WHERE LEADERS ARE MADE
YOU’RE SPEAKING ABOUT WHAT ?!
How to make controversial speech topics work for any audience. By Ruth Nasrullah, CC
olitics. Religion. Sex. Oh my! In some places these topics are strictly taboo. In others they are fodder for spirited discussion. In any setting even the most polished speaker must approach with caution before discussing topics related to politics, religion or sex. The price for carelessness can damage your reputation and your relationships with colleagues or friends.
guidelines generally reflect local customs, the club’s purpose or mission, and the members’ sensitivities to particular subject matter. Some clubs clearly state, “We don’t talk about that!” Corporate clubs may be bound by company policy to avoid certain subjects. If you want the challenge of speaking about hot-button topics, read on for advice from members who happily talk about the most delicate subjects.
“To talk about any subject, we must do so in a respectful manner and look for common ground.” You can learn to address these controversial topics with ease, and the Toastmasters program can help. You may have heard that certain topics are forbidden in Toastmasters — but that is not true. The Toastmasters International website states: Toastmasters International recognizes that club members may learn much about the world around them from listening to others’ speeches on a variety of subjects. This variety can add interest to club meetings and stimulate thoughts and ideas. For these reasons, Toastmasters International does not place restrictions on topics, content or language in any speech. However, with the consensus of their members, individual clubs have the right to limit speech topics. Club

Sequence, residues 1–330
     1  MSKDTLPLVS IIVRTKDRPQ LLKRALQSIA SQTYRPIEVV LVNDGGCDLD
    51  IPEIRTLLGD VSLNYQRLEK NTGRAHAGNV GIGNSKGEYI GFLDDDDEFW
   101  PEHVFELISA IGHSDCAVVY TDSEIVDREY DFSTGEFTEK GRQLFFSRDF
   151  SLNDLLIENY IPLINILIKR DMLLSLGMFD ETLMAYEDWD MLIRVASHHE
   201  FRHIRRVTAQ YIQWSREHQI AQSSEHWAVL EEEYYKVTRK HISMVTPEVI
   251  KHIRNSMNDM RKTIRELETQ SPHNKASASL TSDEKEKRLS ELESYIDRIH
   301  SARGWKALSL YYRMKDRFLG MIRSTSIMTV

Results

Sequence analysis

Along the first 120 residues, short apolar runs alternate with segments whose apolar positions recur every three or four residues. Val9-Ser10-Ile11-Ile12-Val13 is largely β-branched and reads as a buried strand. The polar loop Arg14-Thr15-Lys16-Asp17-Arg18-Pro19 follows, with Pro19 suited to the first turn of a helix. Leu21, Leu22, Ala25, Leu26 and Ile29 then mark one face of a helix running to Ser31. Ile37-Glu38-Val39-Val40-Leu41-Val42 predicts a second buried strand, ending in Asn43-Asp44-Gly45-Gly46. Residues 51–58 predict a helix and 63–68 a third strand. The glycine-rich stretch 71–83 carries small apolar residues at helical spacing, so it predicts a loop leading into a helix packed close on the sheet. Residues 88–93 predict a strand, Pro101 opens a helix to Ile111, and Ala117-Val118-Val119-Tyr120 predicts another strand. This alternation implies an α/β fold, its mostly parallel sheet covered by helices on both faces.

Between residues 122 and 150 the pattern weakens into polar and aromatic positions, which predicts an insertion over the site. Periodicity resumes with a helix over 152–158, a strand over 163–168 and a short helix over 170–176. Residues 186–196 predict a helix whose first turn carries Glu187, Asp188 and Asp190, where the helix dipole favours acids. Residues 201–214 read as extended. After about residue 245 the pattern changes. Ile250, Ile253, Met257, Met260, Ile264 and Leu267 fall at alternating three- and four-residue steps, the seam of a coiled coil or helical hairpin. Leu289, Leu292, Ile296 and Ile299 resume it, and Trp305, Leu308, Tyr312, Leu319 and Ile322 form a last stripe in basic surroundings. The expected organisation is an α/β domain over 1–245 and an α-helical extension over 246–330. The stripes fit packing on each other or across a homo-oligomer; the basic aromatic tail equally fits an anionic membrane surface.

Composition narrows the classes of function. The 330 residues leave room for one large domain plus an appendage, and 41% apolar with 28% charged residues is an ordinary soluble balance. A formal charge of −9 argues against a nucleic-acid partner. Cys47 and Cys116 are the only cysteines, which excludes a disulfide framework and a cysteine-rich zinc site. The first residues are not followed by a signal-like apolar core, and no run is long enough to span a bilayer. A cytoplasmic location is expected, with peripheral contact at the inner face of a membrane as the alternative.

Know Your Objective and Your Audience Above all, it is essential to be crystal clear about your speech objective. Is it a subject you are passionate about? Do you want to change someone’s viewpoint on a current local or world issue? “As a public speaker you must know your audience and [predict] how they will perceive your talk,” says Deepak Menon, DTM, an accountant from New Delhi, former District 82 Governor and current Region 13 Advisor. “Remember, you’re not speaking for yourself, but for your audience.” It may seem like obvious advice, but it can’t be over-emphasized: Be aware of your audience members’ sensitivities and don’t exceed their limits.
If you are an invited speaker, closely research the audience, sponsoring organization and event program. If, for example, you make general political commentary, you might want to tailor your speech a little differently when addressing a particular political party. You needn’t change your focus, but be aware of any sensitive issues your speech may raise. Menon recalls a district-level Humorous Speech Contest in which a contestant offered a speech about the popular game of cricket. However, the double entendre of the speech title, “Cricket Balls,” caused some offended audience members to walk out. The judges, however, obviously weren’t bothered by the title: They awarded the speaker first place. Taste varies, apparently. “Knowing how to speak on controversial topics is a matter of perception, upbringing and background,” says Menon. “What is acceptable in New York or New Delhi may not be acceptable in, say, Chennai.” Delving into Religion Religion can be among the touchiest of topics. David Carr, a member of Club Awesome in Coral Springs, Florida, found this out when he gave a club speech with the provocative title “Islamofascism and Islamophobia.” The speech presented an overview of positive and negative opinions about Islam’s role in today’s world. TOASTMASTER APRIL 2012